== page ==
Now the clocks have gone back and night time is upon us sooner than we would like, the temperature is gradually dropping and we are seeing some frosty mornings… it can only mean one thing, it’s definitely November! Whilst we are all stuck at home again, let’s keep busy with this month’s gardening tasks.
It’s officially bare root season, hurrah! If you have pre-ordered bare roots from us you can be expecting them soon. Remember they need to be planted straight away before they dry out, but if you do need to wait a couple of days before planting, make sure you keep them in a cold environment, like a shed for example and keep them watered. Don’t forget you can still order pot-grown trees and shrubs for planting in the winter which will make more of an impact than bare root hedging.
Protect newly planted trees, hedges and shrubs from wind and cold. A temporary netting windbreak is sufficient where there is no natural shelter. Straw, bracken, or something similar can be used to pack around deciduous plants and protect them from frost. A wooden frame with clear polythene stretched over it can do a similar job without blocking light from evergreens, but don’t let the polythene touch the foliage, as condensation at these points could freeze, or cause rots. taken from RHS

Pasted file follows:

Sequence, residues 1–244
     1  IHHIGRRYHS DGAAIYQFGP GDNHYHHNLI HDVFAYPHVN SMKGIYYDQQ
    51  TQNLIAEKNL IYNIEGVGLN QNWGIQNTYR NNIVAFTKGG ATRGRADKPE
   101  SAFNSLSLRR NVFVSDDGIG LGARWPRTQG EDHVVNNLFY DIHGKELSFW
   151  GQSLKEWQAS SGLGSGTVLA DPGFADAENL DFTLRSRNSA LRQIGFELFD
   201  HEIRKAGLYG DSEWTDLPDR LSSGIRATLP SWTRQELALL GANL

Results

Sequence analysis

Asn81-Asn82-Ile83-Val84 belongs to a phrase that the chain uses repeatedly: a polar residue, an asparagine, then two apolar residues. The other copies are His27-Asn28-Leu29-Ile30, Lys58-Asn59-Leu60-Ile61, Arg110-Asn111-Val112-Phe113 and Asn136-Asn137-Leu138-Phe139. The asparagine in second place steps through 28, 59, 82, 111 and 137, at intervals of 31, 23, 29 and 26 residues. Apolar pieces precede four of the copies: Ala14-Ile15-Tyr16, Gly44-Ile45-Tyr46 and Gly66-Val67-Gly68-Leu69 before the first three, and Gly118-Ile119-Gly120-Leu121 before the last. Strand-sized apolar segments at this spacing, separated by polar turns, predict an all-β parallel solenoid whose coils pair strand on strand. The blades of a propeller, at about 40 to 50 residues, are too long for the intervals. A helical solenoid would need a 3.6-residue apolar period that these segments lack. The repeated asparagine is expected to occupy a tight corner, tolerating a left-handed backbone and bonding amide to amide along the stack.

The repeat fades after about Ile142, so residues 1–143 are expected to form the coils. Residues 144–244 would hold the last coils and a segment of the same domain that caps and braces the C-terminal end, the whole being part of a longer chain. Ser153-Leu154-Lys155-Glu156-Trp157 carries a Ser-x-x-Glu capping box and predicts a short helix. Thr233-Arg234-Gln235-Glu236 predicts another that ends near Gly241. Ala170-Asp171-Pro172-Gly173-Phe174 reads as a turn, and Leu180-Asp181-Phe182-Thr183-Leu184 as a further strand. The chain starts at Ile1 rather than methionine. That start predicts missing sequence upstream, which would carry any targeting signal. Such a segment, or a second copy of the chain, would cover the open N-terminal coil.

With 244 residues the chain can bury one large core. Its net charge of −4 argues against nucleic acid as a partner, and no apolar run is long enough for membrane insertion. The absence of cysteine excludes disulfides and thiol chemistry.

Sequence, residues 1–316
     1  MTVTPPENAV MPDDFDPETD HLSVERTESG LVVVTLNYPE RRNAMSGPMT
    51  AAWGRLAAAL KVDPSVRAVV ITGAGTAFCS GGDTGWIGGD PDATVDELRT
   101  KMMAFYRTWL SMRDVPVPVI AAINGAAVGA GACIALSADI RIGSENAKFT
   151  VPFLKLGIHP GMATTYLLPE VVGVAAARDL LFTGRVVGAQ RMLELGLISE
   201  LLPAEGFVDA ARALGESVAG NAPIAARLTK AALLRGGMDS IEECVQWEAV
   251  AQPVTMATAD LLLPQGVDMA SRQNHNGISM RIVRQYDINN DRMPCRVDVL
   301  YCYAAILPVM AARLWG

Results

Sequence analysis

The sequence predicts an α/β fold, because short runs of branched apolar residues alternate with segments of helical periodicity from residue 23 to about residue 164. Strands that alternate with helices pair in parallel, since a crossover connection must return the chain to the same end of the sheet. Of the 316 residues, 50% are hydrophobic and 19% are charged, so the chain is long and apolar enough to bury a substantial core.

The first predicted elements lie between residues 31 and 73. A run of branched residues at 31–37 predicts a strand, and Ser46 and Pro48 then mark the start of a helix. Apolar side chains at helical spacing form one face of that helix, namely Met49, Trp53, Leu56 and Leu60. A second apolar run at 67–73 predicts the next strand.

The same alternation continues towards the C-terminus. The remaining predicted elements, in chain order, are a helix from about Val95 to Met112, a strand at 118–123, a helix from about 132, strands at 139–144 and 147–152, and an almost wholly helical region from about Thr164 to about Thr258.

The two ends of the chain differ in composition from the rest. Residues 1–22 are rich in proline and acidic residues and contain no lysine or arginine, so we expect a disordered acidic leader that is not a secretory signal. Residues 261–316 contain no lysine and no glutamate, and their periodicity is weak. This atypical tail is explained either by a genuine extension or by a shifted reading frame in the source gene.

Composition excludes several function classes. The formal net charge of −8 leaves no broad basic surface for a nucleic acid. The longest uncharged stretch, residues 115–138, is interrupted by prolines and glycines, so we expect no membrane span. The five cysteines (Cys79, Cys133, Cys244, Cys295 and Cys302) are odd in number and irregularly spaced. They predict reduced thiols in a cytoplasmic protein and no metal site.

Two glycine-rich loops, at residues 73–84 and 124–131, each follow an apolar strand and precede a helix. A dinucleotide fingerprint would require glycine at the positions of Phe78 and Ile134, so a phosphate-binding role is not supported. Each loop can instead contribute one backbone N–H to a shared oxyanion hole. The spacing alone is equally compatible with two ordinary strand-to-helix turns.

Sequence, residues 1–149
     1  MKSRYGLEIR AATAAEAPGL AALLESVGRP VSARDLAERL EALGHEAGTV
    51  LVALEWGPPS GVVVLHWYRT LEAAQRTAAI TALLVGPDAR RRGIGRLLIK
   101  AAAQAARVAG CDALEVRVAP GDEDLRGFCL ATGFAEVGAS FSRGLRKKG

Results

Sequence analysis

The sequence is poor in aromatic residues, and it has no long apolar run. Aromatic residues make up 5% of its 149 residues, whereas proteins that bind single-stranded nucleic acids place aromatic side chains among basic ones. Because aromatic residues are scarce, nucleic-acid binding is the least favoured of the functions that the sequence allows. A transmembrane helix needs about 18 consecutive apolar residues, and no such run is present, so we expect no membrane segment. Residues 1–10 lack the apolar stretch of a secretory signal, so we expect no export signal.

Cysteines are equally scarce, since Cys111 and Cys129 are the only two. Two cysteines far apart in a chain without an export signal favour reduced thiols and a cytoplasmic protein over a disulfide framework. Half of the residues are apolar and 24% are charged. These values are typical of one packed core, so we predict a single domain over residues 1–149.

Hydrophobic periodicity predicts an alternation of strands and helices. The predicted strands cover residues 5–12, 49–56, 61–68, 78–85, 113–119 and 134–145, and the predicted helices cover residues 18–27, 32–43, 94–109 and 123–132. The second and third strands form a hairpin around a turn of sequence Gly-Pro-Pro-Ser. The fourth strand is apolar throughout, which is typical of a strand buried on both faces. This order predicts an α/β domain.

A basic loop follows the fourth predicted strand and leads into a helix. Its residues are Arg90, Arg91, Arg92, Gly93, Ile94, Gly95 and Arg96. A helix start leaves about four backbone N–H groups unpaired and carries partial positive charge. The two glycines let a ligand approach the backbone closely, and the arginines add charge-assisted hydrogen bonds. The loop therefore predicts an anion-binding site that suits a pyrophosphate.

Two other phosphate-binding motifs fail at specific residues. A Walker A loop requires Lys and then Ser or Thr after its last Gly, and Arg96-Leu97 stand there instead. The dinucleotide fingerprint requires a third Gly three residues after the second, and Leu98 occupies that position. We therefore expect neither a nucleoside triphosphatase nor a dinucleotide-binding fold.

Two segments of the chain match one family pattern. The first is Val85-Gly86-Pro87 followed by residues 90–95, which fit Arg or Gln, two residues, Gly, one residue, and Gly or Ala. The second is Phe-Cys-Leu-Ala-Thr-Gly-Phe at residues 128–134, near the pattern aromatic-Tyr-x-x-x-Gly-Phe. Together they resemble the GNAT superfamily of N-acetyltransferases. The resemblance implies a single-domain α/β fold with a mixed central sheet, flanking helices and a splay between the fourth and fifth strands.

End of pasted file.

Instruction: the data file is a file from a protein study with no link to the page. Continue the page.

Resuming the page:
This is also a good time to transplant trees and shrubs growing in unsuitable positions. However, if they are more than a couple of years old, you are unlikely to be able to remove an intact enough rootball to ensure the plant’s survival in its new position, and you may be best advised to leave well alone.taken from RHS
Pruning and renovation of many deciduous trees, shrubs and hedges can be carried out from now throughout the dormant season. Evergreens are best left until the spring.
Check tree stakes and ties are secure and will withstand the winter weather; ensure that ties are not strangling trunks or branches – they may need loosening. Place fallen leaves on the compost heap or into separate pens for rotting down into leafmould. Shredding them first with a shredder or mower will help them break down quicker.